The Health Minister has revealed that her department is seeking to merge GP practices to cover the shortfall of provision in Glenarm after its current doctor retires.
If the merger attempt is unsuccessful, patients could be forced to travel for miles to access other GP practices.
Dr Benedict Glover, who has served the Glenarm area for 50 years at the Antrim Coast Road Medical Practise, will leave his post on March 31.
While Dr Glover has remained in his role over winter to ensure a continuation of services, the Health and Social Care Board (HSCB) has not received any applications to replace him.
Responding to a question from East Antrim Alliance MLA Stewart Dickson over the Glenarm GP service, Health Minister Michelle O’Neill said: “The HSCB is currently in discussions with neighbouring GP practices to establish the possibility of one of these practices merging with Antrim Coast Medical Practice.
“Every effort is being made to try to ensure a GP service in Glenarm continues, however should this not be achieved the HSCB will seek to deploy patients to the other GP practices in the area.
“The HSCB has been assured that GP services in Glenarm will continue to be provided in the interim until the current practitioner retires at the end of March 2017.”
Mr Dickson said the Minister’s answer was “a practical example of the shortage in GP provision across Northern Ireland.”
“It is worrying to see the lack of GP services emerging in East Antrim,” he added.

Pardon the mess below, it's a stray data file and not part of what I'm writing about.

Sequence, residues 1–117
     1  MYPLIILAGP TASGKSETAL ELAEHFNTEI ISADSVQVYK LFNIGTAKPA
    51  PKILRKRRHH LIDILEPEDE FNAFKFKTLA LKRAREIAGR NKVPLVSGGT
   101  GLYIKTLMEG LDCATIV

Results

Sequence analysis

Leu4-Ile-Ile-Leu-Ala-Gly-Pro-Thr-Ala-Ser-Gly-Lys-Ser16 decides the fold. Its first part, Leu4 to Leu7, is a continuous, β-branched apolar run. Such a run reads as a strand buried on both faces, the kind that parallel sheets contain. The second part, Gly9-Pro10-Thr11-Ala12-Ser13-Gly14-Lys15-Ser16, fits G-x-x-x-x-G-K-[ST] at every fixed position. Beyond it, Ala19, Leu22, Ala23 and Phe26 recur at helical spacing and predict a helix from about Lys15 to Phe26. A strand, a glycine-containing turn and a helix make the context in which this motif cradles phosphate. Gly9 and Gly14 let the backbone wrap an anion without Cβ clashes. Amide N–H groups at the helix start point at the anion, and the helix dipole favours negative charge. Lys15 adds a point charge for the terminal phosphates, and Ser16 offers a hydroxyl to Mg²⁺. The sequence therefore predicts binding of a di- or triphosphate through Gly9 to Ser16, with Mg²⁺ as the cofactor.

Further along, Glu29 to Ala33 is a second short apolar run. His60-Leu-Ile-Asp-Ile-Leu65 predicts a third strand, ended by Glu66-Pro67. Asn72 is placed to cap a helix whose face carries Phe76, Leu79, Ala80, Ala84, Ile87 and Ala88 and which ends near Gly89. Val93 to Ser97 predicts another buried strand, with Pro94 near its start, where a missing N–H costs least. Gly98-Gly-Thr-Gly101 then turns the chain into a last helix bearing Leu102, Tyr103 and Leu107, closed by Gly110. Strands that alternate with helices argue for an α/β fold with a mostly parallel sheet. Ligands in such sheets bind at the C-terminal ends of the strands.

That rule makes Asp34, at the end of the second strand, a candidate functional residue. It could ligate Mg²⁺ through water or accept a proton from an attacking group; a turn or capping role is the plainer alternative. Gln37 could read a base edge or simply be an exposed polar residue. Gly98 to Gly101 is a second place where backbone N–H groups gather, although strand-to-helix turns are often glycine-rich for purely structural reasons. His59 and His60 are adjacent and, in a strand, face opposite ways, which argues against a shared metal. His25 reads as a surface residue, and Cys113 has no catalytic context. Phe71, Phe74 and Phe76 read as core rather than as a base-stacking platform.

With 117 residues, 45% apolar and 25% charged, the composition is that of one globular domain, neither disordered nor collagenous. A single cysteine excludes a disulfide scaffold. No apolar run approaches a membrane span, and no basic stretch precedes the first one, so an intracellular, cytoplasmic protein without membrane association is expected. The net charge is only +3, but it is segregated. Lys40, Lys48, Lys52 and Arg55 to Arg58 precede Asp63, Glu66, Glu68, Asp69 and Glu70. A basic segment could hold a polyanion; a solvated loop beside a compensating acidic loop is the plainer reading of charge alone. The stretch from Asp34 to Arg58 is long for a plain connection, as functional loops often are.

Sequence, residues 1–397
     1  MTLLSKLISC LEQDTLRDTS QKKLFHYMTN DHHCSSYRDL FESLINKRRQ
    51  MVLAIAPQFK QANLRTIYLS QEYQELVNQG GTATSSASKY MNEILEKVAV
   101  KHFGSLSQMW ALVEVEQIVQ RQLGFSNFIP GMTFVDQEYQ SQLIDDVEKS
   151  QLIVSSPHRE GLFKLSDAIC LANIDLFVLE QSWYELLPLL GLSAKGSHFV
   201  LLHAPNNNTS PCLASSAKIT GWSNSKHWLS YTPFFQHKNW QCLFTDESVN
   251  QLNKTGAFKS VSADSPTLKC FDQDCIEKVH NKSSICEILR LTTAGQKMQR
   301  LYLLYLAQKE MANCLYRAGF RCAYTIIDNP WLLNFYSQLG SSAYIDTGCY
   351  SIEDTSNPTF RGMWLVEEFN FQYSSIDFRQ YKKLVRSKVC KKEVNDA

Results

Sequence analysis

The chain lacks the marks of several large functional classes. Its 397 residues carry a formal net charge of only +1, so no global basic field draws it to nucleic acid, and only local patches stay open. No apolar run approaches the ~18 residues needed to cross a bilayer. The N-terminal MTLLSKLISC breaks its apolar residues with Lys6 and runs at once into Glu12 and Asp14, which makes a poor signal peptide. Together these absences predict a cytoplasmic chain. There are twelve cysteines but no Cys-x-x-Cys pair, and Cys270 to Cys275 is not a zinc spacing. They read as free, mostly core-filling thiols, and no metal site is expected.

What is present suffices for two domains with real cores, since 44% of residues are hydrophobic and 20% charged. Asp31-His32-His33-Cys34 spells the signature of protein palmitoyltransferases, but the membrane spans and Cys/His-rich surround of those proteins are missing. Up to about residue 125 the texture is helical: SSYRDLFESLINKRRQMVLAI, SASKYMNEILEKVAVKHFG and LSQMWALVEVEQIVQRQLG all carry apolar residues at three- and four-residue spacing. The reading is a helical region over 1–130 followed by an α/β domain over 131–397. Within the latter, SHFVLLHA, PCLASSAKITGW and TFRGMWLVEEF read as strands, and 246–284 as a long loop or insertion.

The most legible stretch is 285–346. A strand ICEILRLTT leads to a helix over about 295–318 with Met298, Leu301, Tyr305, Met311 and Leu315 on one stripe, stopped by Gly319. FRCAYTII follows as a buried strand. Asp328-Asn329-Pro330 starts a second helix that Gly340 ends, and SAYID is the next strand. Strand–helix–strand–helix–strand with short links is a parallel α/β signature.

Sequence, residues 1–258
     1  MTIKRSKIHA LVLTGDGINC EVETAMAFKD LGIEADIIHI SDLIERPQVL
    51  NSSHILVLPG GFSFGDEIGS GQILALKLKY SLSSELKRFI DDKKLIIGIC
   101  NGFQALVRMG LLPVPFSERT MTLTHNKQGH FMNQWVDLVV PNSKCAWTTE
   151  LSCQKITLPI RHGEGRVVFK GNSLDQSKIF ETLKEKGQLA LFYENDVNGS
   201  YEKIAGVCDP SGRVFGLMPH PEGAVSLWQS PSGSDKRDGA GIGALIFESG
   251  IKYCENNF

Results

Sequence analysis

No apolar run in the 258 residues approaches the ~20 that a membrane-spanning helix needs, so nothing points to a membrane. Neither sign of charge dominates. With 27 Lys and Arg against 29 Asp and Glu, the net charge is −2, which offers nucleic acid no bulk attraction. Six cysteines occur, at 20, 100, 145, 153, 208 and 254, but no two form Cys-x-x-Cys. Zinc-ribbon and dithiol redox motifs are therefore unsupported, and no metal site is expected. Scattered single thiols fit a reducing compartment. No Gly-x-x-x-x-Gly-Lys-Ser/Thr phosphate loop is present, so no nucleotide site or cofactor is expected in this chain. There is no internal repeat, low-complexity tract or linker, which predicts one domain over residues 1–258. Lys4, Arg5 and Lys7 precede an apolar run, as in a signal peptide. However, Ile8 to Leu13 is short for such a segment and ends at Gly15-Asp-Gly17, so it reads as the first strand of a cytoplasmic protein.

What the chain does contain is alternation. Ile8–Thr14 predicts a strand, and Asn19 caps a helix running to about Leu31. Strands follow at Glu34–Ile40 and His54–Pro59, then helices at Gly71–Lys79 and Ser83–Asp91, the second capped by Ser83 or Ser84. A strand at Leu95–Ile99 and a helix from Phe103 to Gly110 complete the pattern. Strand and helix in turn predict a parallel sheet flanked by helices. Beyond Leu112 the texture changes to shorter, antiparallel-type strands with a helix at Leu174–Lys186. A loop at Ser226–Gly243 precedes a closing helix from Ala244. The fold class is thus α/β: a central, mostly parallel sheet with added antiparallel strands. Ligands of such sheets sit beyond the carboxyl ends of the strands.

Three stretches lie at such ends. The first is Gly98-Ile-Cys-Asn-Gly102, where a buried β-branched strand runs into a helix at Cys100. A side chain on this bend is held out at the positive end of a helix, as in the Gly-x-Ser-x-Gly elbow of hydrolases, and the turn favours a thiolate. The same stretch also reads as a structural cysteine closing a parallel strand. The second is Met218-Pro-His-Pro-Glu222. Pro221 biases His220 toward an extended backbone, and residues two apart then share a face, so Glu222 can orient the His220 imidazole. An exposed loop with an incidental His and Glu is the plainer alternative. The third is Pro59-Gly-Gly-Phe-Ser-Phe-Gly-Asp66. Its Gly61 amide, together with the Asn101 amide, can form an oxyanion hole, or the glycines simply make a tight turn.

“Without proposed health reforms, supply will continue to fall.”
Meanwhile, Dr Glover told the Times he is “worried” for his patients and described the shortage of GPs in Northern Ireland as having reached “crisis point.”
“There are a lot of old people in this area and the bus service is not good,” he stated.
“There are no closer practices than Larne, Broughshane and Cushendall which are 10 to 12 miles away.
“I’m worried for the future for my patients, which is why I decided to stay on, but I have been here since 1966 and I’m ready to retire.
“The Department of Health need to train more doctors and there is a move towards centralisation and concentrating services in bigger practises in towns,” he continued.
“From a patient’s point of view for rural practice it’s not very convenient.”
UUP MLA Roy Beggs also expressed “disappointment” and “alarm” at the HSCB’s “lack of concrete proposals.”
“It is disappointing after years of warning, there are still no concrete proposals to provide GP services to the area beyond his retirement date of March 2017,” he stated.
“The potential of having to travel to Larne, Ballymena or Cushendall each time residents from Glenarm and Carnlough need to visit a doctor is not a satisfactory solution.
“I have written to the Health Minister to highlight this difficulty to the isolated and rural community.”
Former Mayor of Larne Tom Robinson said it would be a “disaster” if the area lost GP provision and called on all elected members to “get together to save the surgery.”
A HSCB spokesperson said: “The Board has written to patients to let them know about Dr Glover’s forthcoming retirement and we would like to reassure patients of the practice that GP services will continue to be provided at this time.
“We have asked patients to continue to support the practice in the meanwhile and the practice will continue to provide the full range of General Medical Services until his retirement.
“The Board will continue to work to put in place a longer term solution in relation to the delivery of GP services and to ensure that all patients are notified of developments in this matter at the earliest opportunity.”